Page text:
The earliest demands for recreational facilities on the part of University of Michigan students were answered by the transformation, in 1858, of a manual exercises building, erected in 1856 (Regent's Proceedings, 1856, p. 650) and used as a drill room, into a gymnasium of sorts with apparatus which consisted of a few bars, poles, ropes, and rings. This building, which stood near the site of the heating plant on the east side of the campus proper, was used only in warm weather, as it was erected on poles sunk in the ground and had a tanbark floor. In 1868, however, these facilities were increased with the construction by the class of 1870 of a “gymnasium in embryo,” near the center of the campus behind the Museum, and to the south of South Wing of University Hall. This structure was described as “two uprights with a cross beam and ropes dangling from eye-bolts.” A third recreational center, provided in 1885, was the Old Rink, later to become the Armory, which was fitted up as a gymnasium.
In the meantime, demands for outdoor play facilities had already been met. In early times informal play was limited to that corner of the campus where later Waterman Gymnasium was built and to the old Fair Grounds, now Burns Park, in the southeast part of the city. The University first recognized the need for athletic facilities in 1865, when the Board of Regents appropriated $50 for the care of a cricket field and $100 for the same purpose in the following year.
Because the playground on the campus was wholly inadequate and the Fair Grounds unsatisfactory, since they were not adapted to college games and not subject in any way to University control, the Regents in 1890 purchased for $3,000 the south ten acres of what became Ferry Field and made necessary improvements by grading and drainage. The original field, called Regents' Field, included a quarter-mile track with a 220-yard straightaway on the north side and inside the track a baseball diamond and football gridiron.
Football games were played on the first gridiron, which ran east and west on the original Regents' Field, until 1906. Wooden stands to accommodate 400 persons were put up in 1893, but these burned in 1895 and were then rebuilt to seat 800. A grounds-keeper's house was also erected, and stands seating 1,500 along the straightaway of the running track were constructed. By various stages facilities were expanded, and a record crowd of 17,000 was accommodated at the final football game on the old Regents' Field in the fall of 1905.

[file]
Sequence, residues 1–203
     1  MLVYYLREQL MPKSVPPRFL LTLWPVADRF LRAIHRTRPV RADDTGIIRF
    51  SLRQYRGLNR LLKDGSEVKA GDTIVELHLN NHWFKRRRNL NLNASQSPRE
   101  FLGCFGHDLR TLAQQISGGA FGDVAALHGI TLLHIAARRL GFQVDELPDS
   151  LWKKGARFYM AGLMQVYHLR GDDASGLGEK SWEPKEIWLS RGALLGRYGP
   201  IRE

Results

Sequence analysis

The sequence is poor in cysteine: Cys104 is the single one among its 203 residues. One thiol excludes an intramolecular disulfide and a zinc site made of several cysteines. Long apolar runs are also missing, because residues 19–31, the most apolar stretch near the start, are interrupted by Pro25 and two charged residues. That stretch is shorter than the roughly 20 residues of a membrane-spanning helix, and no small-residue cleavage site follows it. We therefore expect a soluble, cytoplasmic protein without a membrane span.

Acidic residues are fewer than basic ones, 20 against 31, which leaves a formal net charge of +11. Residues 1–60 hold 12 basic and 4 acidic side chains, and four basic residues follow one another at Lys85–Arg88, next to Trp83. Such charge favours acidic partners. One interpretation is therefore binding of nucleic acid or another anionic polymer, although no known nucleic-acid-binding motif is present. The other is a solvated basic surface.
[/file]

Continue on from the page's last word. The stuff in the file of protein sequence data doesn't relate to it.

In 1902 Dexter M. Ferry, of Detroit, donated to the University an additional seventeen acres to the north of Regent's Field and the combined tract was called Ferry Field.
In 1904 a brick wall was constructed on three sides of Ferry Field and in 1906, through the gifts of Mr. Ferry, the gates and ticket offices at the northeast corner of the field were added. Later expansion to the west of the origin acquisitions and to the south below the wall enlarged the entire plot to approximately eighty acres.
Ferry Field Stadium
In 1906 the site of intercollegiate activities on Ferry Field was shifted to the north part of the field. A new gridiron running east and west, with a quarter-mile cinder track around it, was built. The baseball diamond was also moved north to the present site of Yost Field House. Wooden stands were erected beside the new gridiron, but in 1914 those on the south side were moved, part of them to the baseball field, and the first unit in the construction of a contemplated U-shaped concrete stadium was begun.
Only the south unit of the concrete stadium, first used in the fall of 1914, was ever completed. It was designed after a study had been made of similar stands in other universities, and at that time it was considered one of the best bleachers in the country. It provided seats for 13,600 people and was constructed at a cost of $100,000. The north and west sides of the old field were occupied by the wooden stands, which were kept covered during those seasons of the year when they were not in use. These stands, which seated approximately 46,000 persons, proved far from adequate, however, in that they did not begin to accommodate the huge football crowds attracted to the intercollegiate games after 1920, and, as a result, a strong movement developed favoring the erection of a larger stadium.
The site of the new Michigan Stadium included more than fifteen acres and provided a practice fairway on the east side. The first football game was played there in 1927.
Phil Pack (The University of Michigan: An Encyclopedic Survey, p. 1579.)